We do not give enough consideration to the type of people who lead us. Learned experts analyze the power politics of international relations, as if there is some master algorithm that directs and constrains all leaders. Of course, there are rules to the game of thrones, but Putin’s values drove his decision to invade Ukraine. His personality, life experiences, and principles led him to launch and fight the kind of war he inflicted on Ukrainians, an unrestrained, perverse, all-out onslaught against civilians. At the core of most of the world’s conflicts is a fundamental clash of values.
Did we achieve anything worthwhile in Poland? The war is still raging. Ukrainians are still suffering grievously. Needless to say, we had no influence on the Kremlin. Putin didn’t even know we were there, and were he to have known, he would have laughed at the inanity of it all.
Why do anything that makes so little difference? What can one person do to impact on the many armed conflicts raging around the world? What can I do to combat global warming, economic distress, mass shootings, and crime, let alone, this awful pandemic that just keeps rolling along? The anguish I felt in the Polish refugee hub could describe my relationship to practically every challenge facing our world.
What can one person do? How to make a difference in a world that seems on the precipice, teetering over the valley of the shadow of death, cruelty, stupidity, and immorality?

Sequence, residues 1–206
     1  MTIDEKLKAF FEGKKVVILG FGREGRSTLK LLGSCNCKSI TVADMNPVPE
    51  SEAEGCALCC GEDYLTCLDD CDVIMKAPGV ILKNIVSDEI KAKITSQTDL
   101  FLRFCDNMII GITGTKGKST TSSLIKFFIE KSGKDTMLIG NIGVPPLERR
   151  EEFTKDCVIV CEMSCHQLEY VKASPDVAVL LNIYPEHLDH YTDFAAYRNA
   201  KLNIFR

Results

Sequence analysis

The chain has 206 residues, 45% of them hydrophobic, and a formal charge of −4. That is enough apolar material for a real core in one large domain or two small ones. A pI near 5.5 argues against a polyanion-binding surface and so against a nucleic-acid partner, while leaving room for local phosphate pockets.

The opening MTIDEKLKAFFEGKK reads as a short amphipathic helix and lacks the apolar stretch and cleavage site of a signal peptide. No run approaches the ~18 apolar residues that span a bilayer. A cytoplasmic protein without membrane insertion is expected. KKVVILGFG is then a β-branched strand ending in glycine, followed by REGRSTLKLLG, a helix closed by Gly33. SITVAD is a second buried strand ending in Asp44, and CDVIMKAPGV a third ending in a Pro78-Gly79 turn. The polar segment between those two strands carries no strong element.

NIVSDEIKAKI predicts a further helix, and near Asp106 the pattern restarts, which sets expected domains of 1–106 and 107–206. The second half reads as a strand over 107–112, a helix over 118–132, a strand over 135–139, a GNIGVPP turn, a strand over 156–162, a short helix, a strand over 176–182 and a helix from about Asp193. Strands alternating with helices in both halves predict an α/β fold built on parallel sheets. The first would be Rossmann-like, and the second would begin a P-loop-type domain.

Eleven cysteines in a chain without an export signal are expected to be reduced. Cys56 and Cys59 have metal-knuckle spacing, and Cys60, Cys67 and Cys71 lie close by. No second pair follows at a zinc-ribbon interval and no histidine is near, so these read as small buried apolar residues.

I am not the first Rabbi Ammi in history, nor am I the first Rabbi Ammi to have been reduced to tears by human behavior. One of the best-known Talmudic sages was Rabbi Ammi ben Natan. He lived in Palestine in the third century, and was the author of many profound Jewish teachings. The Talmud records that when he come upon the following biblical verse from the book of the prophet Zephania, he wept:
“Seek righteousness, seek humility, perhaps you shall find shelter when the day of judgment arrives.”
The same Talmudic passage records that Rabbi Assi—Ammi’s best friend—wept whenever he read the biblical verse from the book of the prophet Amos: “Hate the evil, love the good and establish justice in the gate, perhaps God will be gracious.”
Why did these great teachers weep upon reading biblical verses that are among the most profound and inspiring sentiments in the entire Jewish canon? We would have assumed that Rabbis Ammi and Assi would be uplifted by the prophetic sentiments.
Why did they weep? Because of one Hebrew word—ulai—perhaps.” Seek righteousness and humility—and if you do—ulai—maybe—God will spare you on the day of judgment. Hate evil, love the good, and establish justice in the gates—and if you do—ulai—maybe—God will be gracious. In other words, even when we do the right thing—we may still not be rewarded, let alone change the world. Rabbi Ammi is recorded as saying: “All this—ve’ulai?” Devoting my life to justice, righteousness, humility, goodness—and only maybe God will spare me?
I think that Rabbi Ammi and Rabbi Assi wept not only because of the uncertainty of their own lives—that even if they lead moral lives, they will still suffer, see loved ones die, and endure all the pains and hardships of life. They also wept because they realized that even if they stay humble, hate evil, love the good, and pursue justice—if the world around them is arrogant, corrupt, unjust and immoral—here is no place to hide. They, and everyone else, will be swept up in the wrongs of the age.